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Tarah Kayne and Danny O’Shea win their 1st US pairs title

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ST. PAUL, Minn. — Tarah Kayne and Danny O’Shea took the ice last at the U.S. Championships, just needing to skate cleanly to win their first national pairs title.

Cautious but calm, Kayne and O’Shea did what their rivals couldn’t and clinched a lopsided win with a record score Saturday.

They earned 142.04 points for the long program for 211.65 total, the highest mark ever at nationals, to beat defending champs Alexa Scimeca and Christopher Knierim.

Kayne and O’Shea led after the short program, and when Scimeca and Knierim made several mistakes, the title was there for the taking.

Skating to “The Music of the Night” from “The Phantom of the Opera,” Kayne and O’Shea had the day’s only clean program among the contenders.

[MORE: Check out the U.S. Figure Skating Championships All-Access Page]

Knierim fell on their side-by-side triple toe loops, and Scimeca had two feet down on one throw jump and both hands down on the other. They scored 129.45 points in the free skate for 196.80 total.

Marissa Castelli, who won two U.S. titles with former partner Simon Shnapir, was third with Mervin Tran with 179.04 points. The Americans have two spots at the world championships.

Kayne had hip surgery in July 2014, and she and O’Shea had to take off that Grand Prix season. They still managed to finish third at last year’s U.S. Championships, missing out on a spot at worlds.

Kayne recalled that on the day of her surgery, O’Shea told her: “We are one day closer to a clean program.” It came on the biggest day of their careers Saturday. When the scores were announced, Kayne burst into tears, and O’Shea alertly reached over to hand her a box of tissues.

The two have been skating together for under four years, an eternity for American pairs skating. Earlier this season, Scimeca and Knierim became the first U.S. pairs team to qualify for the Grand Prix Final since 2007, offering hope that the fortunes of American pairs skating might finally be reversing.

They struggled there, though, and again at nationals. Scimeca and Knierim completed their signature quadruple twist to open the program, but then the mistakes started coming.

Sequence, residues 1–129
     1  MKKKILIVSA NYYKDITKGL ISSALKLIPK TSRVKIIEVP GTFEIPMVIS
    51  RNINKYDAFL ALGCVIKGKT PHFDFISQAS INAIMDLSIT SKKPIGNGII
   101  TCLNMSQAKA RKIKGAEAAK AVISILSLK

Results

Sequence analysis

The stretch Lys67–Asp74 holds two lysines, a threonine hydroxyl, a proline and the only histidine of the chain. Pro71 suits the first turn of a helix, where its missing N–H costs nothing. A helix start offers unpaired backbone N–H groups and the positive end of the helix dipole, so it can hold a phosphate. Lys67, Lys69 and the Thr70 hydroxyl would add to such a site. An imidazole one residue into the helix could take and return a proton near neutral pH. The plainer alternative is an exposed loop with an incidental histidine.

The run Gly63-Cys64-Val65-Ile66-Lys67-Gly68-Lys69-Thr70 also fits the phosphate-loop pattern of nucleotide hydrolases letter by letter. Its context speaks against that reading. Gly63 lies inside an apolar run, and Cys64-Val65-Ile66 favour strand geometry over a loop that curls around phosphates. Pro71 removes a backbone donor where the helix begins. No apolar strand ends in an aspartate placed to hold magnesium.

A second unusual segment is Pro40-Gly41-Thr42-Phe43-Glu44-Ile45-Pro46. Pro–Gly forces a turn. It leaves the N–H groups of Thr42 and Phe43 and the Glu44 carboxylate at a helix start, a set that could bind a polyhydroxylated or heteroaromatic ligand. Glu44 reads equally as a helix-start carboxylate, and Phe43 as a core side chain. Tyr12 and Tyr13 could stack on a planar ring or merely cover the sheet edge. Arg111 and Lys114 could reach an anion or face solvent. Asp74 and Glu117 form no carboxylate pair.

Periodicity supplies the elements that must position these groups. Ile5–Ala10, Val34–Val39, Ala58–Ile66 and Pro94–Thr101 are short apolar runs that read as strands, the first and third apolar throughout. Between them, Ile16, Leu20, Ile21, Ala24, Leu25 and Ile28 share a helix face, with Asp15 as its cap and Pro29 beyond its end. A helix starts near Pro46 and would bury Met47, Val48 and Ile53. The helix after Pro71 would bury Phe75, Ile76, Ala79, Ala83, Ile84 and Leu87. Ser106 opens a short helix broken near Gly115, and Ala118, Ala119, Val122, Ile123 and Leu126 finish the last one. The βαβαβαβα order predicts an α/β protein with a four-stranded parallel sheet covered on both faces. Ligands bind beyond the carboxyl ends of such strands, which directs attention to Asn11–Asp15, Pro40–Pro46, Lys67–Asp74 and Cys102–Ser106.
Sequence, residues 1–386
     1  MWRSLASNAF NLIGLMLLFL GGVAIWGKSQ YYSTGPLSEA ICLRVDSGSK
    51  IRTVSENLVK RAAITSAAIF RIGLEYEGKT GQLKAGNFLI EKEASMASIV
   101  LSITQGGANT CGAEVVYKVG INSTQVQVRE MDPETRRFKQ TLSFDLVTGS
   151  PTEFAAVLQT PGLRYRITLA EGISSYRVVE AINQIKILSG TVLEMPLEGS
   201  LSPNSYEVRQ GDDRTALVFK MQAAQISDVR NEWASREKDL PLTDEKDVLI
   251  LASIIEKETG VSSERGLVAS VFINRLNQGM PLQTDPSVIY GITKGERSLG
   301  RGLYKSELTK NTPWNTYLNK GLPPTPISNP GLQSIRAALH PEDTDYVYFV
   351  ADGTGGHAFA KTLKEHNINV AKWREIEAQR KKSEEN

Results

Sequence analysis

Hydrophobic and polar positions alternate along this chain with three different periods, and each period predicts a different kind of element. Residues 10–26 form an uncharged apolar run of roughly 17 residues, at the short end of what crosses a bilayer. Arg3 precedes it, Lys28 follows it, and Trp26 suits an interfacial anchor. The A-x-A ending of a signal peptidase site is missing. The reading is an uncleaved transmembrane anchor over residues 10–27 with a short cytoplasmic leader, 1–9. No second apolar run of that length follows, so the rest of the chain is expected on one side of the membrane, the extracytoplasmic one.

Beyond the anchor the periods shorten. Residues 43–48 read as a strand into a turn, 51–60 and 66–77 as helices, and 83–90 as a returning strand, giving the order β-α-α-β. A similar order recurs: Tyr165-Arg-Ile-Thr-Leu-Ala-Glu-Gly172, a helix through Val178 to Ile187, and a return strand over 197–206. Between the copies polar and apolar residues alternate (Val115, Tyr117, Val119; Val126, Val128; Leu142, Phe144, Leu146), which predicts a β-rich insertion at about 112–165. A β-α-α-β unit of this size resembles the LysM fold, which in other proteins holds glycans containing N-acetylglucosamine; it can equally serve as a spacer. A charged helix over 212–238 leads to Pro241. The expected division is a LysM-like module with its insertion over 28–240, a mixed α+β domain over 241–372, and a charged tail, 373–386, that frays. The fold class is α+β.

Remco Evenepoel fractures pelvis in crash over bridge wall into ravine

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Belgian cyclist Remco Evenepoel fractured his pelvis crashing his bike and flipping over a bridge wall into a ravine at the Tour of Lombardy in Italy on Saturday.

Video showed Evenepoel, the 20-year-old world time trial silver medalist, being put in an ambulance on a stretcher minutes after the crash.

His team, Deceuninck-QuickStep, reported he remained conscious while being put on a stretcher, into an ambulance and taken to a hospital. He also suffered a right lung contusion.

In 2019, Evenepoel became the youngest-ever male podium finisher in a senior world road cycling championships event, according to Gracenote. In 2018, he swept the junior road race and time trial world titles.

MORE: UCI looks for new host for 2020 World Road Cycling Championships

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Noah Lyles raises black-gloved fist, wins 200m in Monaco

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Noah Lyles said he had plans going forward to make statements, beyond his rapid sprint times. He did that in Monaco on Friday.

Lyles raised a black, fingerless-gloved right fist before getting into the blocks to win a 200m in his first international race of the season, conjuring memories of the famous 1968 Olympic podium gesture.

He clocked 19.76 seconds, leading a one-two with younger brother Josephus. Full results are here.

“As athletes it’s hard to show that you love your country and also say that change is needed,” was posted on Lyles’ Instagram, along with hashtags including #blacklivesmatter. “This is my way of saying this country is great but it can be better.”

Lyles, the world 200m champion, also paid respect to 1968 Olympic 200m gold and bronze medalists Tommie Smith and John Carlos three hours before the race.

He tweeted an iconic image of Smith and Carlos raising their single black-gloved fists on the medal stand at the Mexico City Games. Thirteen minutes earlier, Lyles posted an Instagram Story image of his socks for the meet — plain, dark colored.

Smith and Carlos wore black socks without shoes on the podium to signify endemic poverty back in the U.S. at the time.

Lyles is known for his socks, often posting images of colorful pairs he wears before races, themes including Speed Racer, R2-D2 and Sonic the Hedgehog.

“We are at the point where you can’t do nothing anymore,” Lyles said Wednesday. “There aren’t any rules set out. You’re kind of just pushing the boundary as far as you can go. Some people have said, even if there were rules, they’re willing to go farther than that.”

MORE: Noah, Josephus Lyles take 4-year journey to Monaco

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